The things you know that you don't know that you know because you know them, so you assume everyone knows them, are hard things to tell other people about, because you assume everyone already knows them. Yay tenets! –  jcolebrand Oct 26 '11 at 21:15
    
@jcolebrand: I think the answer here lies in the fact that if you don't know the names, the chances are your question really is "what are my color options", not anything specific to one of the colors at all. Until you've asked the broad first question and learned the answer, asking a specific won't make much sense. I think we need to work on helping people with these edits one way or the other until there is a much more defined pattern to work from. –  Caleb Oct 26 '11 at 22:16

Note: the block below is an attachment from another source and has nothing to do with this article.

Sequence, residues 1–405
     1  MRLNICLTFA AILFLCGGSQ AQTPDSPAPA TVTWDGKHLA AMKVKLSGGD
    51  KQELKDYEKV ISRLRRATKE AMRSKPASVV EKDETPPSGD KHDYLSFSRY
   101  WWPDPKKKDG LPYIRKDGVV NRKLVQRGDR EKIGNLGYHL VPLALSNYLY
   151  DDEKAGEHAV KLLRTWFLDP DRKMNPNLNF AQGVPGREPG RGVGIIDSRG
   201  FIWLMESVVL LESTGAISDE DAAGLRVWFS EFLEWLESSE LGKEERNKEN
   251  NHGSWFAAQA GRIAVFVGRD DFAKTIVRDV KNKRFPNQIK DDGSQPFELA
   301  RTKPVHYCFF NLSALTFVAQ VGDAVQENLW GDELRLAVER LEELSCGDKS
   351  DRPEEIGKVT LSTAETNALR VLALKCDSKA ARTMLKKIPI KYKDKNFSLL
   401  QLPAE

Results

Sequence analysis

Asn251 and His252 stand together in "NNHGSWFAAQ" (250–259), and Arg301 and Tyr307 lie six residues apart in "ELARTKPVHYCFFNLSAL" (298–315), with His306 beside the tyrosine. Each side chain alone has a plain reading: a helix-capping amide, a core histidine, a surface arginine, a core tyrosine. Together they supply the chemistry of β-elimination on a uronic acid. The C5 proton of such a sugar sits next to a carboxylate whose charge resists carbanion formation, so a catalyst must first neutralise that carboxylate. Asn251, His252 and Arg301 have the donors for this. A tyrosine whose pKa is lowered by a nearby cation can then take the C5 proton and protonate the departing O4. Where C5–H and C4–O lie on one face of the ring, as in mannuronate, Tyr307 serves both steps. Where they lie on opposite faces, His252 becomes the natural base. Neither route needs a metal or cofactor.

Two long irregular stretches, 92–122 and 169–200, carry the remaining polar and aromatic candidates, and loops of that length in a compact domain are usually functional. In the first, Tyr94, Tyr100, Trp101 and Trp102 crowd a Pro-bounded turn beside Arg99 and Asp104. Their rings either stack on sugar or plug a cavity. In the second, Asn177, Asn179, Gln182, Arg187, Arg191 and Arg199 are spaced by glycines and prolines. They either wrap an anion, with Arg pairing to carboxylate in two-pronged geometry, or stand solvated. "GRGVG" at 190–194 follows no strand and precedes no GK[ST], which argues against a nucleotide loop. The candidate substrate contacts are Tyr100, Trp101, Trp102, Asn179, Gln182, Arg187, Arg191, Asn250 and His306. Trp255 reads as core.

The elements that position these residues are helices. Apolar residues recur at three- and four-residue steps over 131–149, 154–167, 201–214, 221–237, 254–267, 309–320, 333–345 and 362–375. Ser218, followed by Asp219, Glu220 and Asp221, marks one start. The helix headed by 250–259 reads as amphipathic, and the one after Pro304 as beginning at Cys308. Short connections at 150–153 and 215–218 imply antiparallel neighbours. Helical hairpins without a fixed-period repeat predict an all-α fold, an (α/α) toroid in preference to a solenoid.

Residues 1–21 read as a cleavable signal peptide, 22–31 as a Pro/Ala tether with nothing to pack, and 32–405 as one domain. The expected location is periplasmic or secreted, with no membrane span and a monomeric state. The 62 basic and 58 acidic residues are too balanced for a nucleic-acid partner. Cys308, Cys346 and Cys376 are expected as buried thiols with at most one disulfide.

Yes, or maybe I need to ask the meta question equivalent of "what are my color options" so that you guys can answer it? –  jcolebrand Oct 26 '11 at 22:31
    
@Caleb: what if there is no name? Still a part of the definition of Christian... therein lies (some of) the rub. Oh, checking it I see "any group". So, it's actually supposed to mean "any named group" :D –  Jürgen A. Erhard Nov 1 '11 at 21:37
    
"Closing the question informs you of these standards that the community has agreed upon." This isn't really true if it is the case that it doesn't matter what reason is given for closing a bad question, as long as it is closed. –  pterandon Jul 6 '13 at 12:42